Beyond Boundaries: Cultivating Diversity in the Social Care Workforce

Beyond Boundaries: Cultivating Diversity in the Social Care Workforce

We review the results from Cohesion’s social care candidate survey each year, completed by thousands of applicants to care positions. When we looked at the results in 2023, one of the notable concerns, which is raised year on year and is supported by sector workforce data, surrounds a lack of diversity working in care – including those under 25 and men.

The Skills for Care Adult Social Care Workforce Data Set discloses a notable imbalance in age distribution, with fewer than 10% of the workforce comprising individuals under the age of 25, and only 18% of the people identifying as male. Teamed with longstanding workforce challenges that the sector faces, and with over 152,000 vacancies on any day, the importance of greater diversity is further amplified.

Here’s what we found in the demographics of our survey respondents last year…

An increase in survey responses from 26-35 year old females in care, but a declining number of 19 – 25 year olds.

A slow rise in responses from males (26% in 2022 compared to 20% in 2018) and the highest response increases by 36 – 45-year-old males. The primary concern for this target group is that care jobs are seen as unskilled jobs with poor prospects.

As we plan our strategies for the year ahead, what should we be thinking about as we continue to tackle the imbalance of diversity in our workforce – whether that be bringing in more young people, or attracting more men to come and see what we’re all about?

Educational collaboration. We believe there is a benefit to having better links between Further Education and Social Care Providers to allow for greater age diversity. There is an opportunity for positive pass-through even where the end goal of a young person might be working in a different sector in the future – such as Allied Health or Medical roles. Where are your local schools, colleges, and universities – and who in your organisation is best to form connections?

Leadership diversity. We have great leaders in care from a range of different backgrounds. We must share stories of development to inspire the workforce of tomorrow. Have you identified which of your managers and directors have a career story to tell – and how are they telling that very story to your prospective applicants?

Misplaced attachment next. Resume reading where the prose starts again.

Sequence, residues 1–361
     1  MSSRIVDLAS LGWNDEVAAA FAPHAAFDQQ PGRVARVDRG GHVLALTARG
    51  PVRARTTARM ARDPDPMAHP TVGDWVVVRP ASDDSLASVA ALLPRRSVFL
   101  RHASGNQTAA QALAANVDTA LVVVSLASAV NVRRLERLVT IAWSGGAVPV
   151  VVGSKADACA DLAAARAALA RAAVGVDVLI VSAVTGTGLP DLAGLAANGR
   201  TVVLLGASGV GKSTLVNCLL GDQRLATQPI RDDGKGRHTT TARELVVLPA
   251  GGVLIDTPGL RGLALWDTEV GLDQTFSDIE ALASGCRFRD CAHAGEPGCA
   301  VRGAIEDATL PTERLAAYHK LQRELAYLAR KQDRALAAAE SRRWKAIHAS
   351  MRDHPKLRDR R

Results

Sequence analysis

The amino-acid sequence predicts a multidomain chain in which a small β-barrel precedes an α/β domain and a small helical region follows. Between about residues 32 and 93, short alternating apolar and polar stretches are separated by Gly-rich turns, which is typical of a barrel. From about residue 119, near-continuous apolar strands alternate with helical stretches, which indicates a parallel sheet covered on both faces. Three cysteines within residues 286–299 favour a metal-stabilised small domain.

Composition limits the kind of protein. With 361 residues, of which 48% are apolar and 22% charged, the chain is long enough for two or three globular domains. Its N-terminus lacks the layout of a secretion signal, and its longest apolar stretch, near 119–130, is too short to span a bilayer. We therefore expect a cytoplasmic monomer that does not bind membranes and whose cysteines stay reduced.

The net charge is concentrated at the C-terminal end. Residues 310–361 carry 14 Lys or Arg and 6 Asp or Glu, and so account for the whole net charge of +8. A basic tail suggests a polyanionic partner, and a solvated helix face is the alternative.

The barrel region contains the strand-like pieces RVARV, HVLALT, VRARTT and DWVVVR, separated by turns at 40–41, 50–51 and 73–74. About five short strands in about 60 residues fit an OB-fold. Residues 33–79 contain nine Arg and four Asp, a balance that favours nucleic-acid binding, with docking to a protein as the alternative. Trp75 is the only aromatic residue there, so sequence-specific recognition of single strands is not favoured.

Continuous Professional Development. We must continue to emphasize the importance of continuous professional development. The first phase of the Care Worker Pathway has recently been published which includes funding for new qualifications and apprenticeships, as well as subsidised training places. Keeping a close eye on how these plans come to fruition will allow us to plan out our role as employers. In the meantime, what learning and development discussions are you having with new starters joining your organisation?

Public Awareness. Media often focuses on the bad news, and our good news stories often take a back seat. There continues to be misconceptions about what it means to work in care. Better awareness and advocacy, through sites such as Care & Support Jobs and social media will be as important as ever. Are you identifying social media champions in your organisation who can help you to get your positive news messages heard by peers?

Community engagement and collaboration. Care homes and services sit at the heart of our communities. Yet most people have never stepped inside a care home or know that the house in their own street is home to people living in a Supported Living environment. Care Home Open Week (which is not just for Care Homes!) takes place each summer and can provide a valuable platform to get involved. How do you collaborate with community organisations, particularly those representing underrepresented groups?

Cultivating greater diversity across any sector does not happen overnight – but aiming for incremental gains is key. The need to bridge the diversity gap within the adult social care workforce demands a comprehensive and strategic approach, and it is just as apparent today as it has been for many years.

By fostering collaboration, dispelling misconceptions, and championing inclusivity, we can collectively work towards a more diverse, vibrant, and resilient social care sector for the future.

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